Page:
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Reassessing the Evidence for Zenodotus’ “Cretan Odyssey”

Bill Beck

University of Pennsylvania

Once the subject of tentative speculation, the notion that a Cretan Odyssey—a version of the Odyssey in which Odysseus and Telemachus venture to Crete—was in circulation at least as early as the Hellenistic period has gained increasingly wide acceptance (S. West, Reece, Danek, M.L. West, Burkert, Griffin, Nagy, Martin, Tsagalis, Levaniouk, Arft). This paper aims to challenge the argument for a Cretan Odyssey by demonstrating that the only concrete evidence cited in support of its existence (Σ Od. MaO 1.93a and Σ HMa Od. 3.313a) has consistently been misinterpreted, primarily because its context has been ignored. By restoring the textual variants to their contexts and adducing the evidence of scholia (e.g., Σ HMa Od. 2.359b and Σ HP1 Od. 4.702c) and other testimonia, I offer a new interpretation of these “strangest and most significant of all Zenodotean variants” (West).

When Stephanie West speculated, on the basis of two variant readings preserved by two mutually-reinforcing scholia, that an earlier design of the Odyssey narrated Telemachus’ visit to Idomeneus in Crete rather than to Menelaus in Sparta, she noted that no one since Römer (1886) had attempted to account for Zenodotus’ extraordinary readings. Unpersuaded by his improbable explanation and unable to offer a better solution, she concluded that these variants cannot have been Zenodotean conjectures; rather, they must have been “reasonably well attested, either by several MSS. or by one to which he [Zenodotus] attached considerable authority.” For West, these readings are simply too “strange” and too “obviously in contradiction with the main narrative” to be explained in any other way (173). Though many scholars have accepted and expanded upon West’s speculation, none has reconsidered the evidence on which it is based. Indeed, no one since West (1981) has even quoted in full the scholia which preserve these variants; only the variants themselves have been considered, devoid of their original contexts. As a result, the observation which West made thirty-seven years ago still holds true today: no one since Römer (1886) has attempted to account for Zenodotus’ extraordinary readings.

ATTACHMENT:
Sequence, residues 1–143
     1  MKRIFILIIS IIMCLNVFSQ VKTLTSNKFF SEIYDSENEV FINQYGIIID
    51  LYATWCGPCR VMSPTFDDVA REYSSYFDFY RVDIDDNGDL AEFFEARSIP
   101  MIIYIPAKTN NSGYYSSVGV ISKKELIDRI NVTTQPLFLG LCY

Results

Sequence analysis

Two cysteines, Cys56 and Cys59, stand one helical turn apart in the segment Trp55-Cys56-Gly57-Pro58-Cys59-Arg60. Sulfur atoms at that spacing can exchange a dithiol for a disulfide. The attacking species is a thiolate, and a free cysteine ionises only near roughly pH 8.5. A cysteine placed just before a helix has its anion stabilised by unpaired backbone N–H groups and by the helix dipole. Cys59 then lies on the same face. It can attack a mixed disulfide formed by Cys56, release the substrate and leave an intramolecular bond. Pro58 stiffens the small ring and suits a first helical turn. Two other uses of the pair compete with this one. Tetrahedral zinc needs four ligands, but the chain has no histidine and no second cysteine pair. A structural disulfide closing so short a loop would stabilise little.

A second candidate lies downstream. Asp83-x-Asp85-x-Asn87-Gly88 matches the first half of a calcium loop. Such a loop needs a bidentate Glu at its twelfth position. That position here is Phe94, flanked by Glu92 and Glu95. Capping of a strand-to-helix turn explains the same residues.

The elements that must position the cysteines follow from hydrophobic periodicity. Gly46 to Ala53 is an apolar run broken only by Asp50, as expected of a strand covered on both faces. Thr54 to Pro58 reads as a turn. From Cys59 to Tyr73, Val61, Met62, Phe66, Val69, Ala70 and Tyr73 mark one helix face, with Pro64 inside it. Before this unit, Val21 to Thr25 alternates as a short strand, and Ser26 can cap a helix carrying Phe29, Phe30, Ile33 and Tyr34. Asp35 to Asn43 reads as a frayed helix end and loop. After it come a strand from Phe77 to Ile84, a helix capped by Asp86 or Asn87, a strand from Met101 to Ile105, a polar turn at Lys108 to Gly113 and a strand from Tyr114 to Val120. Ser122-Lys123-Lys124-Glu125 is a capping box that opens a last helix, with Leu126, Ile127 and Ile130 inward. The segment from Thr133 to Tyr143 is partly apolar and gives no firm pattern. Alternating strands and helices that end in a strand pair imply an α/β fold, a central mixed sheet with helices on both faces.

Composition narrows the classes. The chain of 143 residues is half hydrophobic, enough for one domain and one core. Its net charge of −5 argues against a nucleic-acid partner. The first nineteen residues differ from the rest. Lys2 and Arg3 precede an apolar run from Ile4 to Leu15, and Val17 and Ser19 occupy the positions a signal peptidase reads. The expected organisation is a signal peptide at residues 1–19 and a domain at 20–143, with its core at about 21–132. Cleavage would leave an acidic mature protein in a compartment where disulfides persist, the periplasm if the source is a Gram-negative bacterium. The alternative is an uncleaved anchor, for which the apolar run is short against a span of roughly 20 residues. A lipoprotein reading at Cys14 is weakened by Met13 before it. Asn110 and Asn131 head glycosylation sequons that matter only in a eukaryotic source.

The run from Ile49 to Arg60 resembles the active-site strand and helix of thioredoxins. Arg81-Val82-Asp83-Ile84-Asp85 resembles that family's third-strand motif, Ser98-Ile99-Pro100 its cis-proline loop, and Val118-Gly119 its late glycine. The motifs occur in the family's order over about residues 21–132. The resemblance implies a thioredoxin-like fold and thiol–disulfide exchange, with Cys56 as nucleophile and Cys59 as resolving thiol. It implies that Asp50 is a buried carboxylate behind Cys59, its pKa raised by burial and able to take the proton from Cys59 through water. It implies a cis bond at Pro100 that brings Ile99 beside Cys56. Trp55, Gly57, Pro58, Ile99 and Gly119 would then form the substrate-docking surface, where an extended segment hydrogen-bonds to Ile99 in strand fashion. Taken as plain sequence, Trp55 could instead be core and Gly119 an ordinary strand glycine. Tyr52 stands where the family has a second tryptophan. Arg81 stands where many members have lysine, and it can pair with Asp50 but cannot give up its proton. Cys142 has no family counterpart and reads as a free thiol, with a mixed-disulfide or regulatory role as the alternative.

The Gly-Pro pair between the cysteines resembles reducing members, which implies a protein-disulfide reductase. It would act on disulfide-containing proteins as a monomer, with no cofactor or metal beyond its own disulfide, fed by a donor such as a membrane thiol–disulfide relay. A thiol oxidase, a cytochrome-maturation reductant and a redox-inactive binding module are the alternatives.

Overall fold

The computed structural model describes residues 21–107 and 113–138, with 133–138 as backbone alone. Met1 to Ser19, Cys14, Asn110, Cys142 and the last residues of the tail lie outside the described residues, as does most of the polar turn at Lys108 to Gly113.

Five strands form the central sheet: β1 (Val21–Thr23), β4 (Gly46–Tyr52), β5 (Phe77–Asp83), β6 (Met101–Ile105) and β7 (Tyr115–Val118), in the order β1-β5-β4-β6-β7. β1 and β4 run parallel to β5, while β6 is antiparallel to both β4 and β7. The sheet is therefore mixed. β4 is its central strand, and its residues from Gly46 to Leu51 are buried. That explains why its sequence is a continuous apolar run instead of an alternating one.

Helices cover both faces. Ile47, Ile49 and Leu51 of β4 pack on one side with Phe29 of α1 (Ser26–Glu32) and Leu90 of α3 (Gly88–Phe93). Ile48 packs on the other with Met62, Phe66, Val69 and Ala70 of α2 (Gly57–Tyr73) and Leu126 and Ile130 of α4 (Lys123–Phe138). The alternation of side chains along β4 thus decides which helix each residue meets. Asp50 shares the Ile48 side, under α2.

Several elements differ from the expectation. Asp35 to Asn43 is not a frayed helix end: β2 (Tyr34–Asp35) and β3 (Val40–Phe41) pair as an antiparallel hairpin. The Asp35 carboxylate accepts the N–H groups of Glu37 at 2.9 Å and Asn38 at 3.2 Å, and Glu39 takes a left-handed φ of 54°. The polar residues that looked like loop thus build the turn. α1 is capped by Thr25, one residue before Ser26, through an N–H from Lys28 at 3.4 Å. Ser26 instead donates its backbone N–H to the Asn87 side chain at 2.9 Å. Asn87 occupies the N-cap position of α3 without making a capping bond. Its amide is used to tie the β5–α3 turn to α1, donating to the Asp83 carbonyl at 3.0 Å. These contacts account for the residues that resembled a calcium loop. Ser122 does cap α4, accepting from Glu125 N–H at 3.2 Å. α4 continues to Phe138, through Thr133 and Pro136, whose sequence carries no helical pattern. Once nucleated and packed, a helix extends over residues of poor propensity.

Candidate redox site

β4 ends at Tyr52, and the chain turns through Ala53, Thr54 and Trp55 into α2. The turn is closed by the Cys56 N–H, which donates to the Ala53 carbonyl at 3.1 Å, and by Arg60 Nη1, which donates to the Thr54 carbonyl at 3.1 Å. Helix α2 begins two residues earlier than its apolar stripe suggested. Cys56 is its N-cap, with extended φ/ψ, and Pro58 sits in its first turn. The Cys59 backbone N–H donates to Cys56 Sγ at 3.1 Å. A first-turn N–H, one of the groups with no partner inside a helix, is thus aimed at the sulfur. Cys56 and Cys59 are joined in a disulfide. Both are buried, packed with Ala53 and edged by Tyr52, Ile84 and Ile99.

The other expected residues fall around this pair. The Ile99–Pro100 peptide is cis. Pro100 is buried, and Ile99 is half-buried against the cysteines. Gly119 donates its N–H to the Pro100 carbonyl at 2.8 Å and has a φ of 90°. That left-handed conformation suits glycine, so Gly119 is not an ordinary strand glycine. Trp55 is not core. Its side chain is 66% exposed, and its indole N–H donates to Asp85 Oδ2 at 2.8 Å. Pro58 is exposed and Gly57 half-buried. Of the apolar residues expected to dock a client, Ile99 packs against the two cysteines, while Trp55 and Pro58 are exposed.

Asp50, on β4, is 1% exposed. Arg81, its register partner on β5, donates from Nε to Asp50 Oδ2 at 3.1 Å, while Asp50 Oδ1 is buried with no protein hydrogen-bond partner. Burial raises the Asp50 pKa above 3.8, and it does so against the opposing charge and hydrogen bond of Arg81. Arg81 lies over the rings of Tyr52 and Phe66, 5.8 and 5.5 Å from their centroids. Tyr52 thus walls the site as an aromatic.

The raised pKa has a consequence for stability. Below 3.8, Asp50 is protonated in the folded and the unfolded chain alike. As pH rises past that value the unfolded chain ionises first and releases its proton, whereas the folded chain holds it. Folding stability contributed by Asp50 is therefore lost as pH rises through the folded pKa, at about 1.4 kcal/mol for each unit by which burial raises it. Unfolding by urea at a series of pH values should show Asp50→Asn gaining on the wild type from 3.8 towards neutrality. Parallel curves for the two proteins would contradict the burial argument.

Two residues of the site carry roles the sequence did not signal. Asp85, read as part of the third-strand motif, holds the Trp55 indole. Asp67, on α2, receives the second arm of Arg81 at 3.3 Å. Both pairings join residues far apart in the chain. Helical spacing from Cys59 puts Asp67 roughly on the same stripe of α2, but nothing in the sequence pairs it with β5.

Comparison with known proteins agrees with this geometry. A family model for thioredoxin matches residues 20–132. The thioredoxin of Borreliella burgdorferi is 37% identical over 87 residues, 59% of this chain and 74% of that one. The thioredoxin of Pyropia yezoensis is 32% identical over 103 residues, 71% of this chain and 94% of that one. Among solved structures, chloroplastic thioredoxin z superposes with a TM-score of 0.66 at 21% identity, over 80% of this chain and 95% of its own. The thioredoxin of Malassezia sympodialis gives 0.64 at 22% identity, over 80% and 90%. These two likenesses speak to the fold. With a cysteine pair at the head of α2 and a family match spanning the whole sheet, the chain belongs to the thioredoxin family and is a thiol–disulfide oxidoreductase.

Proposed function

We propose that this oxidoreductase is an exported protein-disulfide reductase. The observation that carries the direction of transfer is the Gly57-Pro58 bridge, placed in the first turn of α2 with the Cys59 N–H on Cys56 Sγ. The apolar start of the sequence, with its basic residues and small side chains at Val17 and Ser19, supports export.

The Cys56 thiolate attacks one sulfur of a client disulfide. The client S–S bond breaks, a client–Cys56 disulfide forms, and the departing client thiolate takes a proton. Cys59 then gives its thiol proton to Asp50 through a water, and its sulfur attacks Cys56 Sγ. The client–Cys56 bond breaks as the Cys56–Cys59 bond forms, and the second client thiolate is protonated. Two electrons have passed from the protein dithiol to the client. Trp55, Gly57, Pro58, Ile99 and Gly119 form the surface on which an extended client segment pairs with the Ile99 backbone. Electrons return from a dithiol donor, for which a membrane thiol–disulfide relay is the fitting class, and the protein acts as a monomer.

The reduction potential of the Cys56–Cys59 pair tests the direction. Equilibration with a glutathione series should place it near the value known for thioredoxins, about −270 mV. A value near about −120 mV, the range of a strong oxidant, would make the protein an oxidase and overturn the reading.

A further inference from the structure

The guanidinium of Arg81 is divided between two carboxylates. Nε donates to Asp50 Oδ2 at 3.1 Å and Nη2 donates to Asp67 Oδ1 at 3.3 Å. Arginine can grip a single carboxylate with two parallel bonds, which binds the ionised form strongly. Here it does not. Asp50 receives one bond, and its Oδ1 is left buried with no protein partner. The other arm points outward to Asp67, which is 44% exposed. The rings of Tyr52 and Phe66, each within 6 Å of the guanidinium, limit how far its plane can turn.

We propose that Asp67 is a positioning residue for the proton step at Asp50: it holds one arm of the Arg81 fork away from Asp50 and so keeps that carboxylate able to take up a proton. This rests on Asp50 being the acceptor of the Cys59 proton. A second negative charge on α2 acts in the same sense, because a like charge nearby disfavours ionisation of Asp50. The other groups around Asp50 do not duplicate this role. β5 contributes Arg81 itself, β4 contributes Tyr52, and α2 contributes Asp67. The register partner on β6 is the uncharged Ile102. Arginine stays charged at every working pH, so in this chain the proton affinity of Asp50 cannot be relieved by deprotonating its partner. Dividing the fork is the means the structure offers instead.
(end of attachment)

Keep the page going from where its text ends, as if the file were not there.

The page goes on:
In this paper, I reassess the evidence, and offer a new explanation for Zenodotus’ conjectures. I argue that there is no external evidence for a Cretan Odyssey, which ought to cast serious doubt on the widespread belief that such a version of the Odyssey ever existed. In particular, I attempt to elucidate Σ HMa Od. 3.313a and its connection with the Homeric passage in question. First, I demonstrate the crucial but overlooked fact that these Zenodotean variants do not imply that Telemachus actually ever went to Crete. Rather, they suggest that Athena had advised him to go to Crete in Book 1 (1.93, 1.285), but that Nestor later dissuaded him from doing so, directing him to Menelaus in Sparta instead (3.313ff.). Eustathius, drawing on a common source of our scholia, makes this explicit: “Nestor dissuades him [Telemachus] from making that voyage [to Crete], but he particularly encourages him to visit Menelaus” (Eustath. Od. p.1470.7-14).

Second, I argue that there is no compelling reason to believe that Zenodotus had manuscript evidence for these variants. To the contrary, there is no reason to doubt Aristonicus’ report that Zenodotus changed the received text (ἀνέπεισε Ζηνόδοτον…ποεῖν) in order to resolve an apparent contradiction with another Homeric passage (οὗτος ὁ τόπος), and that he did so not on the grounds of MSS. evidence (West), but on the basis of speculation (οἴεται) drawn from inference (κατὰ τὸ σιωπώμενον) and internal evidence (ἐκ τούτων τῶν λόγων). The corroborating evidence of other scholia and Eustathius makes this interpretation inescapable. And while it is wise to be cautious of the explanations which scholia and Eustathius offer for Zenodotus’ readings, they cannot be disregarded before being considered. I close with a consideration of possible motivations Zenodotus may have had for choosing Crete, in particular.

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Homer and Hesiod

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